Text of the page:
Technological Determinism Revisited
Wars are at the center of subjects of premodern history because they embody such background forces as class struggle and rational maximizing. We tend to assign “powers” to technologies when they just are not there. “The machine throws out anthropomorphic habits of thought” and Marx’s expectation that the railroad in India would dissolve the caste system. Routine tells us that technological change is resisted, but not the form of resistance.
The Idea of “Technology” and Postmodern Pessimism
Medical progress has gotten rid of diseases and allowed the population to expand by lowering the death rate and prolonging life. These are positive outcomes for medical progress, but they think overpopulation and baby boomers that can’t work are bad for a society’s functioning. I don’t agree with this completely and think this is not taking into account a more important effect, like why people choose to give birth. The goal of technology during the Enlightenment era was less hierarchical republican society and more democracy. The old idea is power can be attacked, removed, or replaced, but modernists feel it doesn’t come from a single, centralized source, so it can be affected. That it is everywhere and nowhere. It usually develops at local levels, rather than diffusing from high central powers.
The Political and Feminist Dimensions of Technological Determinism
I agree that technology is not inherently rational and is for authoritarian control and domination. In my opinion, if we can’t define technology, how can we determine if it drives history or for that matter any field? I agree that you can’t classify certain technologies according to significance. Especially in highly advanced societies where many new technologies are only for entertainment. It’s difficult believing Marx’s search of technological determinism was to try to deny God. Technology is a technological revolution, and this is never safe in one country alone, only globally. I think this means a scientific revolution won’t ever succeed unless the revolution is global, because technology has such a great influence on so many people. But maybe it has more to do with what technology is. I agree that ultimately people, not machines, make history. The example of the 1990 Desert Storm, when Bush decided to declare war on Iraq, because of a series of unilateral decisions that left the war as the only outcome, is opinionated, but probably has a lot of truth. Most would agree that using nuclear weapons instead of negotiating peace is irrational. This irrationality explains why people hand over power to nuclear weapons. The threat of massive retaliation needing to be credible shows that power is lost from people to technology. I agree that the reason why Communism failed is that it tried to assert technology as an authoritarian and controlling entity. Democracy works much better than an impersonal technological system, and people want many choices, not only one. An interesting quote from the King, “Women have been culture’s sacrifice to nature”, blames women for making our culture less technical and more about nature.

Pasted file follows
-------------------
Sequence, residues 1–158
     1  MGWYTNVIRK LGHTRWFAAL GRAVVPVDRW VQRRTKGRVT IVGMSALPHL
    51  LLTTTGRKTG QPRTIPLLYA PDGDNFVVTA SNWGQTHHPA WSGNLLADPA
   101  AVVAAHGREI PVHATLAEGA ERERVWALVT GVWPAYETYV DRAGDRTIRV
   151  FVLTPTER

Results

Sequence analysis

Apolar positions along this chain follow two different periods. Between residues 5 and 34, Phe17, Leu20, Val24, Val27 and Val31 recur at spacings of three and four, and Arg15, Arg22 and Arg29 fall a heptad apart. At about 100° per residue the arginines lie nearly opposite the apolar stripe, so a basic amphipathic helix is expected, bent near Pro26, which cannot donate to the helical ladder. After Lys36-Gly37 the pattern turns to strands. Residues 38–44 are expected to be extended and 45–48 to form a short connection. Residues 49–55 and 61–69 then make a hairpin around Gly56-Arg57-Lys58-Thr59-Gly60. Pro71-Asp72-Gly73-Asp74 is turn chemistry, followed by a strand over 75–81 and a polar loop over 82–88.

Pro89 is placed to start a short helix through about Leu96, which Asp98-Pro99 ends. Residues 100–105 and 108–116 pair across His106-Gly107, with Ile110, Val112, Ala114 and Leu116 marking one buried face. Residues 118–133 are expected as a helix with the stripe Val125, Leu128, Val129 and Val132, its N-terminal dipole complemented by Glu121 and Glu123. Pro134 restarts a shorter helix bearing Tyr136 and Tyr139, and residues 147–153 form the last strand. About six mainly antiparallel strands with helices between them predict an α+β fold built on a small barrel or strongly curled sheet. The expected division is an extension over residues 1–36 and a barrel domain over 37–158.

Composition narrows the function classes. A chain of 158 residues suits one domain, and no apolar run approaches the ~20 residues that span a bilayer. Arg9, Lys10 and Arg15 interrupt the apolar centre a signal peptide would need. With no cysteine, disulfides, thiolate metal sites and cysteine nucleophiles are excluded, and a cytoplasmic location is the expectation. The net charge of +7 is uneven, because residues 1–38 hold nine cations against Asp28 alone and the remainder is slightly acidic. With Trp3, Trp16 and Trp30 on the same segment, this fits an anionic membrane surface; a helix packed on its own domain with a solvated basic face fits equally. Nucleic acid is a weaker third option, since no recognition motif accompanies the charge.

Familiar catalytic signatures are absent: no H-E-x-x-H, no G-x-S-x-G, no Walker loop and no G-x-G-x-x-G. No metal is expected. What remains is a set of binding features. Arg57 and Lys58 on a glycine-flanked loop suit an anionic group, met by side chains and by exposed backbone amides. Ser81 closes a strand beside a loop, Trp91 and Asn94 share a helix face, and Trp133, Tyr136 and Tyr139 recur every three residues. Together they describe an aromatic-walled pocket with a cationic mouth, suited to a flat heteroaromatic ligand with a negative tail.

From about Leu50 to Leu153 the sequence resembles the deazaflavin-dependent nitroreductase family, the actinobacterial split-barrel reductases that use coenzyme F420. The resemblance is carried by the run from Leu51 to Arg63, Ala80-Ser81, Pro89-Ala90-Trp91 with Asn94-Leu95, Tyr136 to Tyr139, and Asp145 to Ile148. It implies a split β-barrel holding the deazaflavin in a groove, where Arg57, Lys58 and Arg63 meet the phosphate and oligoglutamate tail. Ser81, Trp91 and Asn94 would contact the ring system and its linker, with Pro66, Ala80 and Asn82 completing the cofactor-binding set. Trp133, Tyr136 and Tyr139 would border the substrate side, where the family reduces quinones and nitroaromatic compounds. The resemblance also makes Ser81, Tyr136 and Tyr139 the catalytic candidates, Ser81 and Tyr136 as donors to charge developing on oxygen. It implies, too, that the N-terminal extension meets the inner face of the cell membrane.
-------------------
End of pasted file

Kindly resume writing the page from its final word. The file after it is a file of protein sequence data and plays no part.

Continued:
Determinism and Pre-Industrial Technology